Nearly a year ago we blogged on how rising temperatures and the melting Arctic ice meant a race was on to find the HMS Erebus and Terror, the lost ships of Sir John Franklin’s expedition, which became ice-bound during a search for the Northwest Passage in the 1840s.
As I wrote last September,
For those unacquainted with the story, the Franklin Expedition set sail from England in 1845 in search of the Northwest Passage, a route between the Atlantic and Pacific Oceans through the Arctic Ocean along the northern coast of North America.
By September, 1846, the ships had become trapped in ice off King William Island and were finally abandoned by their crews in April, 1848.
Eventually the whole of both crews — 128 men in all — would perish, most probably from starvation, though not before resorting to cannibalism; other factors in their demise may have been scurvy and lead poisoning. According to a message left behind and discovered by a search party in a cairn in 1859, Franklin himself had died in June, 1847.
Despite repeated efforts to locate the vessels over the last century and a half, their final resting places still remain a great mystery. But if found, owing to the low temperatures in the Arctic, they are likely to be extraordinarily well-preserved, veritable time capsules of information about the expedition and its fate.
As I said in my earlier post, these lost wrecks rouse the imaginations of historians, explorers, and adventurers to an unprecedented degree, much like Robert Ballard’s quest for the HMS Titanic did many years ago — so much so in fact that the Erebus and Terror are not unjustifiably called the “Holy Grail of marine archaeology.”
Last September’s post was prompted by publicizing of yet another search to be led by Rob Rondeau of Procom Diving Services, a private effort which had conflicted with the Canadian government over its failure to consult with local authorities.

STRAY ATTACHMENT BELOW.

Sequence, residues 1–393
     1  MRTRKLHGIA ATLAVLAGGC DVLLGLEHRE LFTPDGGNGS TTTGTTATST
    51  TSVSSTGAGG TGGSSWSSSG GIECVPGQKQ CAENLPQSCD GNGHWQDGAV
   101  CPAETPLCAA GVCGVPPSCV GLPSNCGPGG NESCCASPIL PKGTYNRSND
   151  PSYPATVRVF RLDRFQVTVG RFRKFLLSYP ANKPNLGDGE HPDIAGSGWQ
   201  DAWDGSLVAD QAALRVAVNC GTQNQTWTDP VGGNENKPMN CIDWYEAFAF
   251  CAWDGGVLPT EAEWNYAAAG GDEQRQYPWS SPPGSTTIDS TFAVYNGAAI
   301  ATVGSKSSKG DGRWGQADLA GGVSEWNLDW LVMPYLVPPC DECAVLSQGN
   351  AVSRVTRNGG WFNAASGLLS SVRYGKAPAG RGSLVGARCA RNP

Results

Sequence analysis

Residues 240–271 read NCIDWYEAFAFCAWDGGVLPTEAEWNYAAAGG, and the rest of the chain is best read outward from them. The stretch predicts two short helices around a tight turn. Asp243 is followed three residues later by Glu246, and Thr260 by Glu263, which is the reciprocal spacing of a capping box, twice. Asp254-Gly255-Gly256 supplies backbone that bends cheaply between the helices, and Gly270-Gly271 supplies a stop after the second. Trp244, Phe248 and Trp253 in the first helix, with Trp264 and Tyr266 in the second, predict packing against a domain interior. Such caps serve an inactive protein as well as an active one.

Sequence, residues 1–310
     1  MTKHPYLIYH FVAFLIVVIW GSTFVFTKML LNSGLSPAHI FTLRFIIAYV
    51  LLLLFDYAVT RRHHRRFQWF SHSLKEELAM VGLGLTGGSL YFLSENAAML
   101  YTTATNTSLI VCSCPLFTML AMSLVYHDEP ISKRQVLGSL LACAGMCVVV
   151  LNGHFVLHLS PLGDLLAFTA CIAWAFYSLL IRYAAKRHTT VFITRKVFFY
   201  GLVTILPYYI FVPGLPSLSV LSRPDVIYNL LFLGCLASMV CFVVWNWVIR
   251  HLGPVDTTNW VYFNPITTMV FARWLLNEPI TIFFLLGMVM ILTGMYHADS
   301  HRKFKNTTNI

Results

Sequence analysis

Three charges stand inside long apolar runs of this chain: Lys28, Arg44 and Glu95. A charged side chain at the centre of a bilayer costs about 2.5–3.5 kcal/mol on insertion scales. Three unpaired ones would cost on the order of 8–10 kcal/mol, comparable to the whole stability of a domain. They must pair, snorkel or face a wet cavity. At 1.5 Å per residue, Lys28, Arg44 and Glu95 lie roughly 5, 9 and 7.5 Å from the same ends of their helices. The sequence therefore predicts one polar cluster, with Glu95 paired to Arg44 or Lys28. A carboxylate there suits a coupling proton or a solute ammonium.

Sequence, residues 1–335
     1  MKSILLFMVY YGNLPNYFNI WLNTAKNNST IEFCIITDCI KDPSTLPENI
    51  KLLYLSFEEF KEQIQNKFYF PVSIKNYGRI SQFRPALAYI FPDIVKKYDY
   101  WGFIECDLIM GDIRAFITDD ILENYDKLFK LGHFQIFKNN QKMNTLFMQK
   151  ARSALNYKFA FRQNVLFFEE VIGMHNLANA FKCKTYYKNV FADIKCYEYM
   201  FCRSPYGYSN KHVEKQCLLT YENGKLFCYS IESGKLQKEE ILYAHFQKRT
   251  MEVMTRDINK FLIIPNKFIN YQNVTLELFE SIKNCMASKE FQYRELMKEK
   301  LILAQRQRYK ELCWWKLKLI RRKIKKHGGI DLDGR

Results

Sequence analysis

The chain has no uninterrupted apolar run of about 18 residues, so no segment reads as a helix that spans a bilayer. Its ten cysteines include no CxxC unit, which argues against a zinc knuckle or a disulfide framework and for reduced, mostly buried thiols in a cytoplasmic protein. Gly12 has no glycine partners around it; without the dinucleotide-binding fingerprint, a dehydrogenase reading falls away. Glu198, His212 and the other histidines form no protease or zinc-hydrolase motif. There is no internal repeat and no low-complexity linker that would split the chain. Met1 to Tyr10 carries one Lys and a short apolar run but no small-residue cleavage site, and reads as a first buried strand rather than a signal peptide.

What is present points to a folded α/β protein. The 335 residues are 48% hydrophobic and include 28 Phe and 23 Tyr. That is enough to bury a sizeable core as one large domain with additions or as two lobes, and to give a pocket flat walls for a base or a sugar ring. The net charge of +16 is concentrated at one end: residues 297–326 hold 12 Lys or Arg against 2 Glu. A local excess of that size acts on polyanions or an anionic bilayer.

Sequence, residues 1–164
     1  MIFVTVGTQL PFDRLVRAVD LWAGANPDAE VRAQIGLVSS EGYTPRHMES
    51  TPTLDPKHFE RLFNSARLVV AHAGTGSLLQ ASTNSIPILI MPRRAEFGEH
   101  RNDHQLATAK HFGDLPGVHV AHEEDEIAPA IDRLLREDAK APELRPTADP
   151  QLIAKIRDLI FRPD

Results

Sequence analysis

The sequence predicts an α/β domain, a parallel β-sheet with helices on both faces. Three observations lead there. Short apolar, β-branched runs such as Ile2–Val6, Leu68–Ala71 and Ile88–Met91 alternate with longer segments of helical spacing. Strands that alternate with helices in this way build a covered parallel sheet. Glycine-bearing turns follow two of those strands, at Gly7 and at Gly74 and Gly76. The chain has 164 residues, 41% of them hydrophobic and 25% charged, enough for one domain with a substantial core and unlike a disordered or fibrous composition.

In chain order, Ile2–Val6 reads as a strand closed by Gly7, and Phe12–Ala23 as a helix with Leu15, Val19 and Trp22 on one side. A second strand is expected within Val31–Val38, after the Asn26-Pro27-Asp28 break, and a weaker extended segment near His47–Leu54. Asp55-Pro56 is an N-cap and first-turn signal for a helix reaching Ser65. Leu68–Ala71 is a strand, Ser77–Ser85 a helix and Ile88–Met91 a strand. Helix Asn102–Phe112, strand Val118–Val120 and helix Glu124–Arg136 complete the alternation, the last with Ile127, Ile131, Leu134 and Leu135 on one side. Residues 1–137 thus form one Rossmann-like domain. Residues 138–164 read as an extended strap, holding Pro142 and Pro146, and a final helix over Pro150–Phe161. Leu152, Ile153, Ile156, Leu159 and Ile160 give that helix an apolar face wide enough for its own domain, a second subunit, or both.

More to the government’s liking is the approach of Parks Canada, which relies heavily upon testimonies and traditions of native Inuits on the fate of the Franklin Expedition.
Now there’s word of a new Parks Canada effort to find the ships — they had earlier mounted a search in 2008 — and in addition to their quest for the Erebus and Terror Parks Canada will also be looking for a lost rescue ship which sailed from England in 1848, the HMS Investigator.
If you’re as intrigued as I am by the story of the Franklin Expedition and the efforts to solve the mystery of these lost ships, try Scott Cookman’s Ice Blink: The Tragic Fate of Sir John Franklin’s Tragic Polar Expedition; Buried in Ice by Owen Beattie and John Geiger (juvenile); The Man Who Ate His Boots: The Tragic History of the Search for the Northwest Passage by Anthony Brandt; The Arctic Grail: The Quest for the North West Passage and the North Pole, 1818-1909 by Pierre Berton; Ordeal by Ice: The Search for the Northwest Passage by Farley Mowat; or Across the Top of the World: The Quest for the Northwest Passage by James P. Delgado, all available from Greensboro Public Library.
Filed under: History | Tagged: Arctic exploration, Canada, explorers, HMS Erebus, HMS Investigator, HMS Terror, marine archaeology, Northwest Passage, Sir John Franklin expedition | 1 Comment »